IF no buyer and no seller can influence market exchange, that is, in the absence of market power-in which case markets are said to be perfectly competitive as opposed to the imperfect competition implied by the presence of market power-the pair (P*, Q*) will satisfy all three efficiency desiderata for the minimization of the opportunity cost in a Walrasian general equilibrium system. This is what is meant by the terms “free market” and “decentralized exchange”. The Walrasian general equilibrium system is the set of the markets of all goods because Q is not the only good in the economy. Assuming absence of market power in general, Walras’ law states that an excess demand/ supply in one market is matched by an excess supply/demand of equal value in the other markets. So, if Q is one good and Ǫ is the subset of the remaining goods, the market of Q cannot be in equilibrium if at least one market in Ǫ is in disequilibrium unmatched by another market in Ǫ.
The Walrasian general equilibrium includes input markets as well so that if labor market, for instance, is in excess demand/supply, the market for Q will still be in disequilibrium, i.e. excess supply/demand, even if all markets in Ǫ are in equilibrium. The key feature of the Walrasian system is that input and goods prices adjust instantaneously in response to market surpluses or shortages to clear them out and restore the general equilibrium. This price flexibility is an assumption of the analysis, not a normative requirement. It is clear that the satisfaction of the normative concept of efficiency or the same, Pareto optimality, is founded on the positive economics of Walras’ law, which is an example, a key one, of “economics as an art”.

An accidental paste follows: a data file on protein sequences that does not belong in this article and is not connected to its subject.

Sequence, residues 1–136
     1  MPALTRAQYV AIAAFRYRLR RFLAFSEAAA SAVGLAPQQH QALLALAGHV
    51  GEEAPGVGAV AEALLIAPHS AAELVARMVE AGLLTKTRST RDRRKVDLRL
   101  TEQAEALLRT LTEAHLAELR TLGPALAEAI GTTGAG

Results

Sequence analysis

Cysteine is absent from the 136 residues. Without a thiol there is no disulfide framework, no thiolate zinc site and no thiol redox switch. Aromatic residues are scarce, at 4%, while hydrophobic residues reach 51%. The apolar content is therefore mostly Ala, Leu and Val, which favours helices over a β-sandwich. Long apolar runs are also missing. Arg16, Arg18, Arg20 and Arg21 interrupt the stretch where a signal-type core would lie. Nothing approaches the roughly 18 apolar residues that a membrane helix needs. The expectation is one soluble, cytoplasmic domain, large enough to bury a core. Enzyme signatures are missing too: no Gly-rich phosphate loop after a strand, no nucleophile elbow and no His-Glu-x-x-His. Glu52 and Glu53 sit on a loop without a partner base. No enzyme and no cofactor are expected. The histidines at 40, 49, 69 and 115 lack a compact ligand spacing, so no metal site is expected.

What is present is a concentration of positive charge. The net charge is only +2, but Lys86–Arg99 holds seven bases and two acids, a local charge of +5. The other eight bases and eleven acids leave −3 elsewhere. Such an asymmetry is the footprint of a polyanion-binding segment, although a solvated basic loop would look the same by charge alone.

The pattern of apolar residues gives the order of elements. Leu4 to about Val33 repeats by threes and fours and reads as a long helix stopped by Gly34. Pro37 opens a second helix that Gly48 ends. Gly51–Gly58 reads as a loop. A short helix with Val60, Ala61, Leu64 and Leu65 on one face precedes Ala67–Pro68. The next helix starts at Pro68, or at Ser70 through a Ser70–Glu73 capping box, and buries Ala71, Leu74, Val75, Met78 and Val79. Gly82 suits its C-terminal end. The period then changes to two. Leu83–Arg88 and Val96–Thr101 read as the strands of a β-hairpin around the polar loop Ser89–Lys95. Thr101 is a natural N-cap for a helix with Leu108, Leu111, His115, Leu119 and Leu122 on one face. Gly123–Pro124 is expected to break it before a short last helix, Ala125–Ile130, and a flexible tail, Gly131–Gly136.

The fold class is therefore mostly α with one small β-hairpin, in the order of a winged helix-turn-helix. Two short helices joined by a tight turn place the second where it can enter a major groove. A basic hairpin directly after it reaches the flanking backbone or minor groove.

The free market and (Social) welfare economics
The following two theorems have been advanced, from this precisely normative, “welfare” point of view:
First fundamental theorem of welfare economics: Perfect competition is Pareto optimal.
Second fundamental theorem of welfare economics: Pareto optimality is attainable by perfect competition under possibly some income redistribution.
The introduction of the matter of income redistribution in the discussion acknowledges that people are not alike. The concept of efficiency downplays the role of this social element in the allocation of resources because it focuses on the individual consumer-laborer and producer. The Walrasian generalization is a straightforward extension of the individual case, leaving intact the social welfare matters of personal satisfaction from one’s own income and from the particular piece of the “economic pie” bought as compared to other individuals’ income position and consumption baskets. Such comparisons are important welfare-wise and the following two additional desiderata should be satisfied to have optimal both individual and social welfare:
Equity: An income distribution is equitable if everyone values the share of the economic pie bought with his/her income, just as much as anyone else’s share.
Envy-freeness: The division of the economic pie is envy-free if everyone prefers his/her own share to the others’.